100 years ago: The mental condition preceding suicide

24 Jun 2019Registered users

The general practitioner  is often puzzled to know how to deal with a case in which suicide is frequently threatened,  but, provided his diagnosis of an anxiety neurosis is correct, it is probably better to treat these cases by psychotherapeutic methods, and take the slight risk of suicide than adopt such a course as warning and consequently scaring the relatives, or advising a constant attendant or admission to an institution, for such steps are often productive of more harm than good. On the other hand, in manic depressive conditions and paranoia, the risk of suicide is real and ever present. Too great watchfulness cannot be exercised, and such patients should only be sent to institutions for the treatment of mental diseases where the condition is fully understood and effective precautions are taken; for it is remarkable what cunning will be displayed, even by an apparently stuporous melancholic, to elude the vigilance of his attendants and seize an opportunity to kill himself.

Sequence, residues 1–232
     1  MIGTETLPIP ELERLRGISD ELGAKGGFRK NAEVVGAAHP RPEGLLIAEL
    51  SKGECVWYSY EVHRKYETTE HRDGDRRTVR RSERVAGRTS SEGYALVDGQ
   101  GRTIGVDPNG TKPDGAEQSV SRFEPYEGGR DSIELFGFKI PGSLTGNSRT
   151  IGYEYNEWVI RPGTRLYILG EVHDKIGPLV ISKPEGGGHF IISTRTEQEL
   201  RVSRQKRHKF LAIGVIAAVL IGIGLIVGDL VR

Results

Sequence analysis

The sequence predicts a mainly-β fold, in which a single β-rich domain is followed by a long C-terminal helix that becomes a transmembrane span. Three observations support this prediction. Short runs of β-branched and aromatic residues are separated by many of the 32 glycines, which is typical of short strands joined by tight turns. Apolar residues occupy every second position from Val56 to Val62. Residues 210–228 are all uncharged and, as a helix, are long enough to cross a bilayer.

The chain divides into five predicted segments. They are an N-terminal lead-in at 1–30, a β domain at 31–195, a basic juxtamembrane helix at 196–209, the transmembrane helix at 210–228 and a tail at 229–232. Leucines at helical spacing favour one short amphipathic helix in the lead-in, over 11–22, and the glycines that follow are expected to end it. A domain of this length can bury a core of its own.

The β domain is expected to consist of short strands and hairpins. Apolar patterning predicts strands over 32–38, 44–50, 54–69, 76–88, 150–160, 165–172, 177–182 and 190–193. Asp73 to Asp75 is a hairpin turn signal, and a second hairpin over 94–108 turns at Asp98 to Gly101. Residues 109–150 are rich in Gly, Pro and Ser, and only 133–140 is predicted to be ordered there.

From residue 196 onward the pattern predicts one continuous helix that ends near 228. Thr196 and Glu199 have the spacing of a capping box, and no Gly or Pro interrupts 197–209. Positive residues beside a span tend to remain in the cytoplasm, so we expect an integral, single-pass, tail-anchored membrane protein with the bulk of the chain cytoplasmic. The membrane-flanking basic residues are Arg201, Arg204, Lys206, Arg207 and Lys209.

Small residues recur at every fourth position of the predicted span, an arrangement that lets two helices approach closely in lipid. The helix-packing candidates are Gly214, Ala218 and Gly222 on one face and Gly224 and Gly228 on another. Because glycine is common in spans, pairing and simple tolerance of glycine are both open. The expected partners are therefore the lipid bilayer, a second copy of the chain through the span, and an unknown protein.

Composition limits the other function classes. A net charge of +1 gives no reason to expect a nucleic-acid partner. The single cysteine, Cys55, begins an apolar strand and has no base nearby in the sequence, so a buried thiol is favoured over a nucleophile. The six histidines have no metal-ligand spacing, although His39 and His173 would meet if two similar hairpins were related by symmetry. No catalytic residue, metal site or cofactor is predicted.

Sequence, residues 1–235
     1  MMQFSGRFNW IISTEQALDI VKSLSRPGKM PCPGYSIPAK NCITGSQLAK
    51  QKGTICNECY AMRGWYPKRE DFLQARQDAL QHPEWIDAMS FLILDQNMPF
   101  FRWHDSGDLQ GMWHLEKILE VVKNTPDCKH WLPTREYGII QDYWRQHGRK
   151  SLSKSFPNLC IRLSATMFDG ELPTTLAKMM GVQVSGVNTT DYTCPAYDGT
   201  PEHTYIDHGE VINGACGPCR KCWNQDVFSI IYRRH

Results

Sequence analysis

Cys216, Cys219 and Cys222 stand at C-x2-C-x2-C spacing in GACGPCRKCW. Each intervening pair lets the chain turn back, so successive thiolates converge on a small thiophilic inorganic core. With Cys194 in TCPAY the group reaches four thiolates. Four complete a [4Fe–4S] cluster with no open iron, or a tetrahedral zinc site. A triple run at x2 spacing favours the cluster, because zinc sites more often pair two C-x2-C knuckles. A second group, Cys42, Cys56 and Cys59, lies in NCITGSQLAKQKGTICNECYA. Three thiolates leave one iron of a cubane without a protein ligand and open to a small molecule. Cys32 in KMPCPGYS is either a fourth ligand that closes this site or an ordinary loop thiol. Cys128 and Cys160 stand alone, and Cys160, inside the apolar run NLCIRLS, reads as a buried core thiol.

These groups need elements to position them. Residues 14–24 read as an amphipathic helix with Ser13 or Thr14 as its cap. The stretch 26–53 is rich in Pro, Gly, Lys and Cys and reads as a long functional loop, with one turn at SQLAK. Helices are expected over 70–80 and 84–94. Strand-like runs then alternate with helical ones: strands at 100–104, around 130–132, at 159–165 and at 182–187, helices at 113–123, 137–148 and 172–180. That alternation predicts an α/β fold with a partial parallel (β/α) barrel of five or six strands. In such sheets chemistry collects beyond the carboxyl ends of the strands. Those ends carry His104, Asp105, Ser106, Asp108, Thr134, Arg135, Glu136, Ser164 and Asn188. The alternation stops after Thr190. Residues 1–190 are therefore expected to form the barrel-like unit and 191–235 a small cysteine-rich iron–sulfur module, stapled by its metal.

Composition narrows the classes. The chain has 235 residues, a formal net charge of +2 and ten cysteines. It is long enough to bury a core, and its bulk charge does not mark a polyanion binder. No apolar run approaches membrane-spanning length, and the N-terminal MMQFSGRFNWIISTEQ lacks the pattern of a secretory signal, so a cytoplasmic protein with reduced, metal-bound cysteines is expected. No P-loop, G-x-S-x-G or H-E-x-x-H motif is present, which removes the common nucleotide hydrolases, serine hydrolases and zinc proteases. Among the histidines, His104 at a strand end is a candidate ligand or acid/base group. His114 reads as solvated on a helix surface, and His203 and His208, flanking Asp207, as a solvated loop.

100 years ago: Poison-gas in war

24 Apr 2019Registered users

THE SHAME AND OBLOQUY of introducing poison-gas as a weapon in modern war must rest for ever with Germany, who, in spite of, or perhaps, because of, her signed agreements not to use gas, attacked the Allied line in the neighbourhood of Ypres on April 22 1915 in a chlorine gas cloud. Poison-gas, now one of the deadliest and most dreaded weapons of modern war, is not, as popularly held, an entirely new method of warfare. Poisonous fumes were used in warfare centuries before the rifle or shell were thought of. 

100 years ago: Prevention of venereal disease

25 Mar 2019Registered users

IF ONE REVIEWS THE LITERATURE ON prevention of venereal disease, one finds much on the inspection and segregation of prostitutes, but comparatively little on measures which are applicable to men. Yet I am sure that it should be very much the other way about.

100 years ago: Dreams and their value in treatment

22 Feb 2019Registered users